Thursday, May 30, 2013

Foodie Friday -- May 31, 2013

It's time for another Foodie Friday, where great food is always on the menu.
My husband had major dental surgery today, and I'm running a little behind.
It's been one of those weeks. First, Bandy and I discovered a problem with the kitchen design (the oven/microwave/warming drawer wall didn't have a "landing pad" for hot food, which
meant we would be traveling to the island with scorching pans). Bandy, my contractor, and I
came up with a solution after we looked at inspiration photos on Houzz--we could add
a counter/butler's pantry near the ovens.  

 However, I'm losing a small pantry and will need to find a creative, space-saving
way to store staples.
Next, we solved design problems with the fireplace and master bath. That bath
is giving me gray hairs! Tonight, as I mentioned, I'm taking good care of
Dr. Will.
Last weekend, I was stuck on a book project, so I cooked and cooked and cooked.
And then I cooked a bit more. I ruined the potato salad, which is extremely hard to do,
but the experiment with Boston Baked beans was a success. Too bad I didn't write down the recipe. I "eyeballed" everything and tinkered relentlessly.

For me, cooking is all about love, sustenance, and stress relief. Like my mother
says, cooking is also a blessing and a privilege.

You can find recipes for healthy dog treats HERE.
 I was inspired to make fruit pies by a quiet life's gorgeous triple berry threat. These little pies are works of art, filled with sweet, healthy berries and adorned with darling pastry garnishes. They are a must see (you'll love her whole blog). The filling is a mixture of fresh strawberries, blackberries, and blueberries, with a bit of cornstarch, sugar, and lemon juice. You can use store-bought (refrigerated) pie crust dough or make your own.
I doubled Jain's RECIPE. But, I was so excited about cooking (and eating),  and I  had not bought extra Pillsbury pie crusts. So I used the leftover fruit mixture to make a mascarpone-filled cake. Bandy called it the "ugly dessert," and it did look odd...but the ambrosial flavor made him eat his words. It was delicious. Between the hand pies and the mascarpone dessert, I must have gained five pounds.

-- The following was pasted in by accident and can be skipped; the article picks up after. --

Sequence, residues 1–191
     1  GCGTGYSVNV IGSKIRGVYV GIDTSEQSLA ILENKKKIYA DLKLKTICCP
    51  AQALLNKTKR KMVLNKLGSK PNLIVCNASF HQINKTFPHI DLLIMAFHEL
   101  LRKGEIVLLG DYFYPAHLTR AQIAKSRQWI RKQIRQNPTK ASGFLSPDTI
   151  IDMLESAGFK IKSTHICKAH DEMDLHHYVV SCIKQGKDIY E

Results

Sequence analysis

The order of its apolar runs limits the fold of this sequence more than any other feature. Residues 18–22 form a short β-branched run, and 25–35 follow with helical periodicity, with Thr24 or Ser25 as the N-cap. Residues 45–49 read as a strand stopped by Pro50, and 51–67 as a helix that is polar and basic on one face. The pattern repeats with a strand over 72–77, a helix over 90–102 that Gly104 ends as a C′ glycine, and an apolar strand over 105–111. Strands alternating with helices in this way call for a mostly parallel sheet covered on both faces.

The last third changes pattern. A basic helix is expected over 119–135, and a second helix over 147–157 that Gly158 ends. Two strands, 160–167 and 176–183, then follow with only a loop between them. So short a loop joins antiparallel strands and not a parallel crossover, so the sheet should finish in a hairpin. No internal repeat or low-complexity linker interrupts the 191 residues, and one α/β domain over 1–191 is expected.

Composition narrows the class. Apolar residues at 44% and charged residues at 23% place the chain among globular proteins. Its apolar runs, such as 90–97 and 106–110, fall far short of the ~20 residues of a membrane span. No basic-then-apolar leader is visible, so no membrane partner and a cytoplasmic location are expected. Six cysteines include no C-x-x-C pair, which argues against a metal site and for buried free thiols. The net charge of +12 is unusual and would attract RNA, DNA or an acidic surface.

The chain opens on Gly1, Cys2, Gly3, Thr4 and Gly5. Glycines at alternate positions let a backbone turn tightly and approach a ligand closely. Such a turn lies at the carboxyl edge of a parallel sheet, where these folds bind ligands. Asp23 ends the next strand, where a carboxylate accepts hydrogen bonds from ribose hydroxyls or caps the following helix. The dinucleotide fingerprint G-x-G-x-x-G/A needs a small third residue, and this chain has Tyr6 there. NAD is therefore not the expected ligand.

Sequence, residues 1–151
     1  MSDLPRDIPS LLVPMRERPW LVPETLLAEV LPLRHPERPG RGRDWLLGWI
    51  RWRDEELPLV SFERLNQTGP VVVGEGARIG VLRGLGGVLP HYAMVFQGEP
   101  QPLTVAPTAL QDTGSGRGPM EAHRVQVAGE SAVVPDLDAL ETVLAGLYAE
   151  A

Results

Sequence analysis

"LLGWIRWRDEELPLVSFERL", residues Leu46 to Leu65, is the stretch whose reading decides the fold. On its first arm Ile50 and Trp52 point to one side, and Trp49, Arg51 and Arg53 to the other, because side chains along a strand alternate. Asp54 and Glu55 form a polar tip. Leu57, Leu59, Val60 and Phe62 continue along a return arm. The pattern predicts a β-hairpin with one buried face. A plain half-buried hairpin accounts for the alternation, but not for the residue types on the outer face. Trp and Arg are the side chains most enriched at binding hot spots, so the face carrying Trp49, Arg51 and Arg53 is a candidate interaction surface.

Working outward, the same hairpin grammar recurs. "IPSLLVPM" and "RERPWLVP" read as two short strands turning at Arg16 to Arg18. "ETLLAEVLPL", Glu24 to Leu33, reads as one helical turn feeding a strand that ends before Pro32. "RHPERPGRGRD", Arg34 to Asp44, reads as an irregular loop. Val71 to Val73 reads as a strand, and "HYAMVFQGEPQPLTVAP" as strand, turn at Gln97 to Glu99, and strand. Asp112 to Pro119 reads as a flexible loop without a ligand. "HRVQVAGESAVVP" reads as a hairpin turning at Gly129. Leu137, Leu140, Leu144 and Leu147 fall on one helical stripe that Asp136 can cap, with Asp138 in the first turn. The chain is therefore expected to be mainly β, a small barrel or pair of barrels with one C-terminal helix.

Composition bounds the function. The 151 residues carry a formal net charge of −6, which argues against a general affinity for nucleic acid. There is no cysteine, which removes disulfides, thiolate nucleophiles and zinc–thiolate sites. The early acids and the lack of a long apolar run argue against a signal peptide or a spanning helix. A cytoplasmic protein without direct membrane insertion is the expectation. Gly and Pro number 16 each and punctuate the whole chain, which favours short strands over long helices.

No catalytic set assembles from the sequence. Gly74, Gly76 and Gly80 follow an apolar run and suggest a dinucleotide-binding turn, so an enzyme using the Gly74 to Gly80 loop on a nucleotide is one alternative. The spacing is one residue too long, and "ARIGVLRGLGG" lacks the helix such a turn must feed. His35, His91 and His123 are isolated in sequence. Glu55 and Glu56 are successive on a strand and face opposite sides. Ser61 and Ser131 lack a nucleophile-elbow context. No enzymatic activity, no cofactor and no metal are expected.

This isn't a true recipe. I didn't want to go to the grocery, so I gathered items from my pantry and fridge. I used a streusel mix and baked it 15 minutes. Next, I added a mascarpone layer: 1/2 cup mascarpone, 1/2 cup heavy whipping cream, 3 tablespoons white sugar, and 1/2 teaspoon vanilla. Mix well and spread over the cake. Bake until filling has "set," about 20 minutes. Add a layer of cooked berries and streusel crumbs. Continue to bake another 15 to 20 minutes, or until the filling bubbles and thickens. Be sure to place a cookie sheet beneath the cake pan (I used a tart pan) to keep your oven tidy. If you don't want to use a streusel mix, a nut or graham cracker crust would be delicious, too. Serve with whipped cream.

Foodie Friday's "Picks of the Week."

fine-looking sweet rolls. Can't you just imagine the beguiling aroma?

The Parisian adventure continues as Wives with Knives bakes Vanilla Bean Madeleines.

My Cozy Corner's roses and sautéed pea tendrils capture the essence
of early summer.

Nothing says "summer is here" like Pine Cones and Acorns'  homemade ice cream--you'll want to save the recipe for Trader Joe's Chocolate-Vanilla Bean Ice Cream.

Purple Chocolate Home made a beautiful bridal shower cake--it's so pretty, it
should be on the cover of a magazine!

 Now it's time to share our latest recipes. What did you bring to the potluck?
It would be super nice is everyone will Tweet or Pin at least three of your favorite Foodie Friday recipes. You can also give a shout-out on Facebook.

Thanks to all of the great cooks who participate each week. I look at each post to make sure it is working, and it is always such a treat to see what you've been cooking. I'd like to invite you to add your recipes to the "Consuming Passions" group board at Pinterest, which can be found HERE.
It is a small, private group, but Foodie Friday folks are welcome. If you'd like to "pin" with us and chat about food, just leave a comment on one of the "pins," and I will send you an invitation. Or you can email me.

To participate in Foodie Friday, locate the blue Inlinkz icon and follow the directions. The red "x"
will allow you to delete your link if you made an error; the "x" is visible to you only.

For a complete guide to this linky party, click HERE. If you have still have questions, click HERE
for a detailed Foodie Friday tutorial.

** By adding your link to Foodie Friday, you are granting us permission
to include a photo of your FF recipe (and a link to your blog post)
to be included in the "Picks of the Week" feature or on our Facebook page.

**Many bloggers add their recipes on Thursday evening. From these contributions, I will select random recipes for shout-outs on Twitter, Pinterest, and Facebook 
I would like to ask pretty please if Pinners will "pin" photos of the "Picks" and all FF contributions from the source blogs, not from Foodie Friday.